As Spring unfolds a warming grip and daylight hours increase we can leave the cold chilly late winter months behind as a distant memory. Many UK Anglers are chomping at the bit for some fast action to inject enthusiasm and passion back into the system, especially after the testing early months of 2019. 

Twenty years ago, there was a species that would’ve left Anglers completely un-prepared in an adrenaline shaking state of WOW if they set their hook into one, and completely mind boggled as to what it was if they became unconnected. Fast forward to today many of us look forward and crave for the return of this species that is accessible to everyone. 

Whether you’re an experienced well-weathered Angler that's never caught one or a junior Angler starting out that couldn't even imagine being lucky enough to catch one. 

It is possible, believe me – The Smoothound has a great deal to answer for in many ways.


It can drive the most committed of Sea Anglers into a world of frustration on the one hand and can deliver a world of magic and amazement to the least expected on the other hand. 

Catching Smoothounds is easy locating them however, is not ! 

Here in the Bristol Channel the massive tidal range will push and pull fish all over the place leaving them to settle anywhere they find a source of crustacean to feed upon.

So local knowledge and experience in helping to locate or predict their movements definitely helps though they can be highly unpredictable especially mid-Summer when they simply vanish off the radar for a week for two appearing in the coloured water of the mid- / upper-channel. 


Techniques to catch these sporting fish is nothing complicated. A simple pulley rig or an up and over rig is perfect. There's no need to go heavy on hook lengths and use big hooks. A hook length of 30lb and a single 3/0 hook is more than adequate.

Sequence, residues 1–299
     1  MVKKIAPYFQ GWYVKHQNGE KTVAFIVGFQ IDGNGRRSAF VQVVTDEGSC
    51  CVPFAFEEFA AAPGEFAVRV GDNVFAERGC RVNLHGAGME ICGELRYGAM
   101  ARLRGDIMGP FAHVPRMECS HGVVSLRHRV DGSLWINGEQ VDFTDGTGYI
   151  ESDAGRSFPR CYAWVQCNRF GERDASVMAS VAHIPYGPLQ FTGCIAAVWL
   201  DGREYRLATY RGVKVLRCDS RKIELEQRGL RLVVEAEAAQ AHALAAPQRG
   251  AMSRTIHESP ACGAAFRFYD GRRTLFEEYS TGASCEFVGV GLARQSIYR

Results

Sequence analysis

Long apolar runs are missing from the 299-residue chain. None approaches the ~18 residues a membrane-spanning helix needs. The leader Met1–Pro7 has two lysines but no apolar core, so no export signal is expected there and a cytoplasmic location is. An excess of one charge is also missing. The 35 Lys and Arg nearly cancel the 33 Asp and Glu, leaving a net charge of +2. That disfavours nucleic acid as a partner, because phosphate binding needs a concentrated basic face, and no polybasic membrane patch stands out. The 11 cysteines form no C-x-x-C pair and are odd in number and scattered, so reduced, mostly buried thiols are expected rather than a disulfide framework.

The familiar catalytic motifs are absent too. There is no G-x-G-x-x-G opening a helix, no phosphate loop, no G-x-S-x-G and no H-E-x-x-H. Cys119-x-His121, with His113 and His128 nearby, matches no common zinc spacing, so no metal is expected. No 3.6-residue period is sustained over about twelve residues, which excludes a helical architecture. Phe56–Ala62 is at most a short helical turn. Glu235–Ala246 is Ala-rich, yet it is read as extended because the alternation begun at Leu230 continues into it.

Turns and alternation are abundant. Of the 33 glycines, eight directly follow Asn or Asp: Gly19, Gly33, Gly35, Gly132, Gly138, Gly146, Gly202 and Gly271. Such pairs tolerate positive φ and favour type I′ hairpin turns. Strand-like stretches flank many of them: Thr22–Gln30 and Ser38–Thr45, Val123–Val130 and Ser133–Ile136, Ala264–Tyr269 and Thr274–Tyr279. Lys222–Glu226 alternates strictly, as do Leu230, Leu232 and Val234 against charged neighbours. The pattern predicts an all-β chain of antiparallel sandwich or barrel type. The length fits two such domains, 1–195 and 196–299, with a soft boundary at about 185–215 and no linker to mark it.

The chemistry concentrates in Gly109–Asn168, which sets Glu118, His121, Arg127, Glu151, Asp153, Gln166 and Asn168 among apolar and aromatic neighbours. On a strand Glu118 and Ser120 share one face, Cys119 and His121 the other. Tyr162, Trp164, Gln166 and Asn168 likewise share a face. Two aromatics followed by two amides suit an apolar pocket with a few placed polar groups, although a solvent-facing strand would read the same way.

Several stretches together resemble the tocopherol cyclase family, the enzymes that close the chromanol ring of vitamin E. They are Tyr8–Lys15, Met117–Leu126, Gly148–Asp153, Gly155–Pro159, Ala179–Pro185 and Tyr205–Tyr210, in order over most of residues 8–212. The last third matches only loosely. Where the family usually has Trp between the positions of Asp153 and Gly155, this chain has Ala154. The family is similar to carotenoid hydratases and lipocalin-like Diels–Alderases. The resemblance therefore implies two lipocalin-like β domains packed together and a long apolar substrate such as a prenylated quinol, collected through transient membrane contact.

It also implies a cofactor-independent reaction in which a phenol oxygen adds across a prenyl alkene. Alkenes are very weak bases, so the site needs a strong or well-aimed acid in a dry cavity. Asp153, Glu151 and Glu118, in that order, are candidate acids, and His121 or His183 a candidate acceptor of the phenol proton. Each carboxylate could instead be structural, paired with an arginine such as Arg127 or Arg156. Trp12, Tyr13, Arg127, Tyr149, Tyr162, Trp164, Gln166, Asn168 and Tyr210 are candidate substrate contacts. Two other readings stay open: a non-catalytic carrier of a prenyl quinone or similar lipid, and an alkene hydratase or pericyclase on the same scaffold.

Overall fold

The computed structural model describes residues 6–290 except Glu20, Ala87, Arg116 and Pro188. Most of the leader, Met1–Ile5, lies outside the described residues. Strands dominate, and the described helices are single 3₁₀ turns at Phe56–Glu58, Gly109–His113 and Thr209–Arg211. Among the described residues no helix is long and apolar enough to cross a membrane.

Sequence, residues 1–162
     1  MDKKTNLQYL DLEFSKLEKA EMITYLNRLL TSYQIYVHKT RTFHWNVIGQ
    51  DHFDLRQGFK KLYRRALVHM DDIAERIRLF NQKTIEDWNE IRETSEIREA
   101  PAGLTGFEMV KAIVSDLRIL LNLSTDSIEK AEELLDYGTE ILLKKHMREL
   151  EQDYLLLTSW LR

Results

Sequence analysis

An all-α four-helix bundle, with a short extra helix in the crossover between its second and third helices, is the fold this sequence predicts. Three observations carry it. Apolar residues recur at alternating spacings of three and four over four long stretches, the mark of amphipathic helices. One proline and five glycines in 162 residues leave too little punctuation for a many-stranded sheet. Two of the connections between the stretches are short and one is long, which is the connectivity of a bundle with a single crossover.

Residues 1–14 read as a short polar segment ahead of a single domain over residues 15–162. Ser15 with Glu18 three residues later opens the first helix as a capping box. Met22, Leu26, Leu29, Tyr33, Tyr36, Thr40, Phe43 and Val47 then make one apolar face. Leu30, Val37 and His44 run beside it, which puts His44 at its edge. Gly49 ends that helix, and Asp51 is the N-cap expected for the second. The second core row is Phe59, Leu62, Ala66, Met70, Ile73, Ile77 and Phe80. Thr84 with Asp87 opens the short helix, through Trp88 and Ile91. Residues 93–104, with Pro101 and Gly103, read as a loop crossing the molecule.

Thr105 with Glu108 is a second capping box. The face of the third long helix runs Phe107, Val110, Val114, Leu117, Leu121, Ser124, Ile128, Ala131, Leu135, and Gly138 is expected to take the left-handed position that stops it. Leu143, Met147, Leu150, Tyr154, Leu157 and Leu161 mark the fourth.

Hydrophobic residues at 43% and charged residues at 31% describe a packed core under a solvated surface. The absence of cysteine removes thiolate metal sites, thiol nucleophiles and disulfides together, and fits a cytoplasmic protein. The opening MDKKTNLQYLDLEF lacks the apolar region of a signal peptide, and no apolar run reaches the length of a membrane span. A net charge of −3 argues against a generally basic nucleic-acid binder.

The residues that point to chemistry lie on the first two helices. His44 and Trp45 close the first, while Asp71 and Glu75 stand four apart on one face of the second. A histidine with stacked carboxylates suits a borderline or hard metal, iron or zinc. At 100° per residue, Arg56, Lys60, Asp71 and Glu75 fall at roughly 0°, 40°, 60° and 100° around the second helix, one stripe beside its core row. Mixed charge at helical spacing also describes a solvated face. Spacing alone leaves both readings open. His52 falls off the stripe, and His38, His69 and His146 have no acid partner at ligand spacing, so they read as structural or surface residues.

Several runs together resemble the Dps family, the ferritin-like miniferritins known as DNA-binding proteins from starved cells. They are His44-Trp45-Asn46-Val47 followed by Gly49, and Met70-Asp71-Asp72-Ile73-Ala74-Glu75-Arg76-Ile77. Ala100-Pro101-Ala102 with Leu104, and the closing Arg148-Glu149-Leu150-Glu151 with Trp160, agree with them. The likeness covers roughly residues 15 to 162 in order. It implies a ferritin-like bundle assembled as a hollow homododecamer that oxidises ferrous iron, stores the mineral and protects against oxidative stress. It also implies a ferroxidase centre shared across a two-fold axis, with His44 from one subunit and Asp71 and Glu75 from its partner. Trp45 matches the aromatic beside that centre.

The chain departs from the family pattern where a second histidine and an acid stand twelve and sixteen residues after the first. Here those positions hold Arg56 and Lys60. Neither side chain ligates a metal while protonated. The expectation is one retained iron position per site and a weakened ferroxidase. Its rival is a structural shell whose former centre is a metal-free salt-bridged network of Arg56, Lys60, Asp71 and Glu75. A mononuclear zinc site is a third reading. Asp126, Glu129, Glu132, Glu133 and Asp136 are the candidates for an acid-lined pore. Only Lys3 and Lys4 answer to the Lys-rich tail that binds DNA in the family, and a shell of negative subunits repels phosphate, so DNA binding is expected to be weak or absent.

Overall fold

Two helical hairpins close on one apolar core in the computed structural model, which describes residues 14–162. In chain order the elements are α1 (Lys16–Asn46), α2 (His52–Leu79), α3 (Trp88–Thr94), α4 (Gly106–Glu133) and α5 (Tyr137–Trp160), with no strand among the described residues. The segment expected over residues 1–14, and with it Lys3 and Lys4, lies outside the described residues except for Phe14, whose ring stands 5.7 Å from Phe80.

The king of baits for Smoothounds is undoubtedly fresh or frozen peeler crabs. They will however, happily take squid, worm baits and hard back shore crabs if there's a pack of hungry fish competing for food in front of you.

The Smoothounds usually start to appear in the Bristol Channel in April when they also start appearing in the catches of the Minehead charter boat fleet.

A few weeks later, smaller 5 to 7 pound fish start to show up on the shore in and around Minehead, Porlock and Bossington.

By mid-May to early-June packs of fish under 10lb are pretty much widespread throughout large areas of the channel and over a variety of shore marks. These are joined by much bigger specimens of 14 to 16 pounders are regularly caught with fish up to 20 pounds being recorded in recent years. These bigger fish are generally caught over the low water reef marks between Watchet and Hinckley Point and in more recent years further up along Sand Point at Weston-Super-Mare.


Craig's Top 6 Awesome Tips to Smoothound success

1. It's vital to have the clutch and ratchet set on your reels. It's common to see a rod pulled straight out of a rod stand and dragged down the beach or fly into the sea like a javelin when they are not correctly set.

2. If a Smoothound wants to make a mad run for it, let it take line under a carefully set drag. Not so light that it gets the upper hand, but enough to make it work to take line.

3. Be prepared for a last minute dash when, yards from the shore, they could run left or right along the beach.

4. When fishing over broken ground, a rotten bottom rig with a hook that's strong sharp and will bend and pull out of snags is essential. There are a couple of pattern that fit the bill perfectly and they are the Cox & Rawle SCR21 Surf & Uptide and the SCR28 Specimen. The use of heavy gauge hooks over rough ground will only come back and cause more problems in the shape of line snags from lost shock-leaders and rigs. This can not only prove expensive but can be a waste of your prime fishing time !

5. It's always wise to stock your freezer with peeler crab early in the season while they are plentiful and a good size. Every year, without fail, the size and abundance of fresh peelers declines when demand for them is high and Mother Nature is not giving them up to the bait men.

6. Local tackle shops are a great source for local and up-to-date knowledge - over the counter advice is priceless and will help you into the fish on your outing, so use them wisely and spend a few quid with them and you’ll undoubtedly be helped out.